I Hear Sirens in the Street 256 pages
In the Morning I'll Be Gone 314 pages
Gun Street Girl 311 pages
Police at the Station and They Don't Look Friendly 319 pages
Detective Sean Duffy joined the Royal Ulster Constabulary shortly after Bloody Sunday. To a lot of people that seemed like an odd thing for a Roman Catholic to do, especially since he had first tried to join the IRA. But Duffy's not a man who is much moved by what other people think. This attitude repeatedly causes him trouble with his higher ups, and as the seriers progresses, with British intelligence, the FBI, random IRA kill-teams, UVF kill-teams and most of the women he dates, and maybe one young man he meets in a highway rest-stop bathroom. Duffy drinks too much (even for a Northern Irish Peeler), smokes too much weed, and cuts a lot of corners. When describing himself Duffy says he's plodding instead of brilliant, he's aware that other
Well-written, with great dialogue, a terrific (as far as I know) sense of Belfast and the surrounding area in the 1980's and tight, intricate plotting throughout. Strongly recommended to fans of noir, fans of Ed McBain or Elmore Leonard. Plus, you get McKinty's take (through Duffy's acerbic commentary) on popular music from the 1950s through the 1980s as well as classical music. I'm really glad I found these. I saw Nancy Pearl's recommendation after I was already hooked, so I have to credit Christa for this one. She had a copy of the book on CD and I had to drive for 11 hours. Of the five I have finished, I have listened to 3 of them. They are all read brilliantly by Gerard Doyle. Pretty much everything McKinty has written is available on Hoopla. Check it out.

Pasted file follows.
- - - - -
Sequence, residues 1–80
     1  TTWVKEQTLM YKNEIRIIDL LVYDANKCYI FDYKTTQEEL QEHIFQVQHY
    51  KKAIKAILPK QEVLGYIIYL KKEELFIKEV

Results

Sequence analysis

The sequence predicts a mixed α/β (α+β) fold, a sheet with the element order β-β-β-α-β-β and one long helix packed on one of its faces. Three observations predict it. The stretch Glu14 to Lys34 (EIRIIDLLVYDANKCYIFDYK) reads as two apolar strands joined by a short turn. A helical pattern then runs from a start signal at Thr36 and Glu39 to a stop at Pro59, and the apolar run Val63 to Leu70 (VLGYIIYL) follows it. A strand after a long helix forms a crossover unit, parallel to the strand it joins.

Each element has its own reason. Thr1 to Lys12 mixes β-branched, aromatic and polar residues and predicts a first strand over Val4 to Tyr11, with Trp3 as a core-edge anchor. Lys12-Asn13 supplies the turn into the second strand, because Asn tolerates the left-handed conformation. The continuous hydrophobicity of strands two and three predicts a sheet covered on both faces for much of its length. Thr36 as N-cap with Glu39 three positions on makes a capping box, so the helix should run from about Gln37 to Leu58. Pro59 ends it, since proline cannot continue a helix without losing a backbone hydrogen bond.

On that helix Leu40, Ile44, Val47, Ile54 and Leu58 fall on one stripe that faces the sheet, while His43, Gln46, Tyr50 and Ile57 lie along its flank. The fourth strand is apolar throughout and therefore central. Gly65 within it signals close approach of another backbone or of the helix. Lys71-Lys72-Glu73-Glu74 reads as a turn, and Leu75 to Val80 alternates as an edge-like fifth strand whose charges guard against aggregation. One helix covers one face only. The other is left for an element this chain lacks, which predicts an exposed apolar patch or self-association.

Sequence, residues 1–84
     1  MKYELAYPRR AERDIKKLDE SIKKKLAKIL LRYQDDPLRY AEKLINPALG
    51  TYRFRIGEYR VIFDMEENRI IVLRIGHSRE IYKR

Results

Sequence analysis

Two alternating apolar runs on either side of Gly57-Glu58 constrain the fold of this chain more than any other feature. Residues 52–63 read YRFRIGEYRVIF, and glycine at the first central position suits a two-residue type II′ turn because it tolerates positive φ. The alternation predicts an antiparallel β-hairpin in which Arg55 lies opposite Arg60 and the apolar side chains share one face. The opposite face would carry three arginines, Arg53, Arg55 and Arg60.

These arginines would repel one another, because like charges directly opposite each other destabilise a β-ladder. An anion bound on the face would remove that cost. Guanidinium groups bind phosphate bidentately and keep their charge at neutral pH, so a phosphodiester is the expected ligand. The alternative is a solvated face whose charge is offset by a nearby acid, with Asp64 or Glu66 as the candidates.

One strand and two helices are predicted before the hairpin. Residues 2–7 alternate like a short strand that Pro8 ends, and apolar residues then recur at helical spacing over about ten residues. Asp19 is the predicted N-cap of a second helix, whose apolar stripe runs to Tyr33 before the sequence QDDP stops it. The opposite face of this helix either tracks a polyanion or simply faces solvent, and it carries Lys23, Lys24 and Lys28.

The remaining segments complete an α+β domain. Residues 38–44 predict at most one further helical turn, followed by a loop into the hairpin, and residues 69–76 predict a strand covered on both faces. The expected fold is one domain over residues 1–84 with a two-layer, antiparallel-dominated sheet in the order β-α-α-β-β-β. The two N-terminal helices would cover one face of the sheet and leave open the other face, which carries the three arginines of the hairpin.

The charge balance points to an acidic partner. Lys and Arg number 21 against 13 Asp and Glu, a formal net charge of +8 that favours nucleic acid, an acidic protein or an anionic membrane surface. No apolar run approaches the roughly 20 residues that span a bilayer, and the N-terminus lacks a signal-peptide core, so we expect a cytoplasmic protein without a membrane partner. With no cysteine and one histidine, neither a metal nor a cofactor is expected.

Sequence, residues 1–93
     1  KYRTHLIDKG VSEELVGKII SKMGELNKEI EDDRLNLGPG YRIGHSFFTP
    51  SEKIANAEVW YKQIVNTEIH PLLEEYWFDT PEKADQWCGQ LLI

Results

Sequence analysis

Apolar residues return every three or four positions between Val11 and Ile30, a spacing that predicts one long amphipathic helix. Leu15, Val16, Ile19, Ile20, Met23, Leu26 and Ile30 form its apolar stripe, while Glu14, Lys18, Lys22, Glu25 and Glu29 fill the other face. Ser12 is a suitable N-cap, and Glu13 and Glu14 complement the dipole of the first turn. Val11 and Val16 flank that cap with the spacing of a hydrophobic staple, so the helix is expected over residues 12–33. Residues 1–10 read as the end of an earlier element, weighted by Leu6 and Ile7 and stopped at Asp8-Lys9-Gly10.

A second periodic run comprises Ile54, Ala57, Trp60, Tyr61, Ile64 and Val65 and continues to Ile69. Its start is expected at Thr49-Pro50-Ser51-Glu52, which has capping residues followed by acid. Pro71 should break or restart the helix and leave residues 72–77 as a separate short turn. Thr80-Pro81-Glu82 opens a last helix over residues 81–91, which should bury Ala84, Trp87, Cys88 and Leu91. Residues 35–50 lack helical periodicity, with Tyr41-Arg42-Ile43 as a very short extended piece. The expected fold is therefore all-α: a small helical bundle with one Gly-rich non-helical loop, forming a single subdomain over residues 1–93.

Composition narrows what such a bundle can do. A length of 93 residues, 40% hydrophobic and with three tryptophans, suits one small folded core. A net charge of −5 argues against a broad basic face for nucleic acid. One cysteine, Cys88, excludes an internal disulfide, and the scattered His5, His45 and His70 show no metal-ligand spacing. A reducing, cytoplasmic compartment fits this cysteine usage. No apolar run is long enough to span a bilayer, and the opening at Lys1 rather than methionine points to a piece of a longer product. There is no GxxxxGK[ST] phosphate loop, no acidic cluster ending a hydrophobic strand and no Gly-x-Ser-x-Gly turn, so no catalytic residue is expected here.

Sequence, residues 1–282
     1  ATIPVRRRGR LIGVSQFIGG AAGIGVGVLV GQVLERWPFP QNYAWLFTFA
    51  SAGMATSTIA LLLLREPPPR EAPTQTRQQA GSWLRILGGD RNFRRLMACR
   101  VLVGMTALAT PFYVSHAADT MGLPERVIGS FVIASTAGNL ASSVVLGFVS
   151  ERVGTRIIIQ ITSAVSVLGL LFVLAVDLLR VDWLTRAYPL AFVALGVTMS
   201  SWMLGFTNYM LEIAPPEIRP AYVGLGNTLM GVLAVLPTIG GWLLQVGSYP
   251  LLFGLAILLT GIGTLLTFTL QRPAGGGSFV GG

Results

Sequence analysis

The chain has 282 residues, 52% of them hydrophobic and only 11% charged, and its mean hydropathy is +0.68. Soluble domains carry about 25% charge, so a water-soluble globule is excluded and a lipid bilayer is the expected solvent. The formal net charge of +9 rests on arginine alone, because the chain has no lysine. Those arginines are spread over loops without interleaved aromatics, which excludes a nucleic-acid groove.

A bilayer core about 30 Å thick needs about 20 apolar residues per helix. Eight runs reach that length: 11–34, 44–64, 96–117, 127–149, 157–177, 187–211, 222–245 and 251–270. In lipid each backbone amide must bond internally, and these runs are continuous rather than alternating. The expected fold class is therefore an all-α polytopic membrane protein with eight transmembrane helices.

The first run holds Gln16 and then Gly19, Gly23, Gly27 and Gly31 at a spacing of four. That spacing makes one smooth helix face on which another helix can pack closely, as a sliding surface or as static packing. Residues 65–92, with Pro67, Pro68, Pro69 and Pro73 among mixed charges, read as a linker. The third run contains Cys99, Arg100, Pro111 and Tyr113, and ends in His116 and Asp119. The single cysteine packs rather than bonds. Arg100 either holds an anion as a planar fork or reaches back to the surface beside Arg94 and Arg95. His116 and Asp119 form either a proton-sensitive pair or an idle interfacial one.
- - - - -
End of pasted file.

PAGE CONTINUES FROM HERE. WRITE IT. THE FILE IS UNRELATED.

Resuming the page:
Now I have to go and finish Rain Dogs.